Chapter 5 Introduction to Primates

Chapter 5 Introduction to Primates - Chapter 5:...

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Chapter 5: Introduction to the Primates Two Reasons to Study Primates - Reasoning by homology o Closely related species tend to be similar morphologically due to the fact that they retain and share traits acquired through descent from a common ancestor Viviparity (bearing live young) and lactation are traits that all placental and marsupial mammals share - Reasoning by analogy o Natural selection leads to similar organisms in similar environments By assessing the patterns of diversity in the behavior and morphology of organisms in relation to their environments, we can see how evolution shapes adaptation in response to different selective pressures Primates are our closest relatives - The fact that humans and other primates share many characteristics means that other primates provide valuable insights about early humans o Humans are more closely related to primates than to any other species We have the same well-developed visual abilities and grasping hands and feet We also share extended periods of juvenile development and larger brains in relation to our body size - So, nonhuman primates provide useful models for understanding the evolutionary roots of human morphology and for unraveling the origins of human nature Primates are a diverse order - Diversity within the primate order helps us to understand how natural selection shapes behavior o Animals that are closely related to one another phylogenetically tend to be very similar in morphology, physiology, life history and behavior Differences among closely related species are likely to represent adaptive responses to specific ecological conditions Similarities between distantly related creatures living under similar ecological conditions are likely to be the product of convergence This approach is called the comparative method Ex: the observation that there are substantial differences in male and female body size in species that form nonmonogamous groups suggests that highly dimorphic hominins in the past were not monogamous o Sexual dimorphism: morphological differences between males and females Features that Define the Primates - The primate order is g en erally d efined by a nu m b er of shared, derived characters, but not a share all of thes e traits - Primates are a rather nond escript m a m m alian order that cannot be una m biguously charact single d erived feature shared by all m e m b ers o The big toe on the foot is opposable and the h ands are preh ensile o There are flat n ails on the hands and feet in m ost species inste ad of claws. There are als tactile p ads with fingerprints on fingers a nd toes o Locomotion is hindlimb do minat ed o There is a n unsp ecialized olfactory a pp aratus that is reduced in diurnal primates o The visual sense is highly developed. The ey es are large a nd m oved forward in the h e a d stereoscopic vision This gives the m depth p erception o Females h ave s m all litters, a nd g estation a nd juvenile p eriods are longer than in other m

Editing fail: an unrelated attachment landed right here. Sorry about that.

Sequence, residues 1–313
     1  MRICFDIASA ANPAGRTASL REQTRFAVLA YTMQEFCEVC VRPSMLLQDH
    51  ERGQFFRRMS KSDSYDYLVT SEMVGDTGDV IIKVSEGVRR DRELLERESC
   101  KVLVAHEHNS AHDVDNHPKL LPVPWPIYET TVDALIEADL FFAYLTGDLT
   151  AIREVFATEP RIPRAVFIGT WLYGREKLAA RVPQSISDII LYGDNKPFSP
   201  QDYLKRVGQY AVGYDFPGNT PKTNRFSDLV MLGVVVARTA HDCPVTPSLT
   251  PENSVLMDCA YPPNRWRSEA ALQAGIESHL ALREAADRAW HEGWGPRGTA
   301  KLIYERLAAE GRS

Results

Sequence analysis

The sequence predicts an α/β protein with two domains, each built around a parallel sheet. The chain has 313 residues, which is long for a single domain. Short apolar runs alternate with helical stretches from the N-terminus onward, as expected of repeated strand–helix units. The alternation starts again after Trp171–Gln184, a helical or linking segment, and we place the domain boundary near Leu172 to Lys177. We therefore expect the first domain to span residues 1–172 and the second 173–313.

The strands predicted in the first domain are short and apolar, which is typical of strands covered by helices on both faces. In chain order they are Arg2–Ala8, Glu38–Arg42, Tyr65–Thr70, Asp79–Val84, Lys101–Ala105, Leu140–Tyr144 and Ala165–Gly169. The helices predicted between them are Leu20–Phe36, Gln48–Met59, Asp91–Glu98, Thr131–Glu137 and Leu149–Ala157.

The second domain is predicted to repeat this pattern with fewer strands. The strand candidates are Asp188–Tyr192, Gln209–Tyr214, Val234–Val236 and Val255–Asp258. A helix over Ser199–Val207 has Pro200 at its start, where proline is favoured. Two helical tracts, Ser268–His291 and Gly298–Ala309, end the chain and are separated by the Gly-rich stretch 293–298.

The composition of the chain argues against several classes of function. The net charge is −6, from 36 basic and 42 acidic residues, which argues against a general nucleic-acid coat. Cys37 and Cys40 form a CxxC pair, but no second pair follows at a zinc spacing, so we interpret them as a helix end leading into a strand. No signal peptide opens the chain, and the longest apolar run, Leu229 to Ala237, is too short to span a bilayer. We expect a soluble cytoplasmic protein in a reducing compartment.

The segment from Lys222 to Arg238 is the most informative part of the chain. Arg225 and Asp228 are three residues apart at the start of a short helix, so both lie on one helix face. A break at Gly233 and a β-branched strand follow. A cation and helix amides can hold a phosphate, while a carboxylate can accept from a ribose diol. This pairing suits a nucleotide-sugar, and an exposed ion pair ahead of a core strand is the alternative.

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Chapter 5 Introduction to Primates - Chapter 5:...

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